Do you live in the White Pond watershed? A group of students from the Rivers and Revolutions program at Concord-Carlisle High School are working on a project searching for possible reasons for the toxic algal bloom this summer. They are conducting a brief survey of residents in the White Pond watershed area (the shaded area in the map above and attached). This survey is anonymous, should take only a minute or two, and is a great way to help the community out.If you live in the White Pond Watershed area and are willing to participate, please use the following link to access the online survey. http://goo.gl/forms/HsCqfLONTv
Preserve White Pond's photo.
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This is a crucial time in the life of White Pond, its natural environment and the surrounding neighborhoods. The Pond experienced the most serious toxic algae bloom on record this past summer leading to a swimming ban. Today five major problems are converging to threaten the well-being of the White Pond ecosystem:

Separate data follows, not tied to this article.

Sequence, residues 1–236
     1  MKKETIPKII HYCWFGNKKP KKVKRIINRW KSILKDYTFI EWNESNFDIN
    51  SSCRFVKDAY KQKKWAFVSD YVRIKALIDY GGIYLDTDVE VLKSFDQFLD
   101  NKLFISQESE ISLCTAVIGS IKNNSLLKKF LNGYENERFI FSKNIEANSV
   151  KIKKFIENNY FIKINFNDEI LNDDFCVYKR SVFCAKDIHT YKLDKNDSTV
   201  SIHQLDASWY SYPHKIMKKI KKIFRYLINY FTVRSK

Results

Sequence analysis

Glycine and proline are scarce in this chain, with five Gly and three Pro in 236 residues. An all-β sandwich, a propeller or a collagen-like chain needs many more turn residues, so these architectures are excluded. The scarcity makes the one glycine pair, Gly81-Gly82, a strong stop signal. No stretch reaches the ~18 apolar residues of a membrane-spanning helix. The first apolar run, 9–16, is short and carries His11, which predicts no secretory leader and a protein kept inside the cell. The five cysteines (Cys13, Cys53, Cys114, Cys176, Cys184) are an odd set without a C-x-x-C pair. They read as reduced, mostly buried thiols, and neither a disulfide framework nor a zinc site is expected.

1. Global warming has come to White Pond. Like other local ecosystems, White Pond is already experiencing warmer seasonal temperatures that affect the Pond's vegetation and wildlife. Higher water temperatures combined with the nutrients (phosphorous) in storm water run-off from the access road and the erosion sites around the pond, feed the algae which then bloom and release toxins. Global warming also means more droughts which lower the level of water in the pond. Less volume of water combined with higher temperatures means could lead to more frequent toxic algae outbreaks.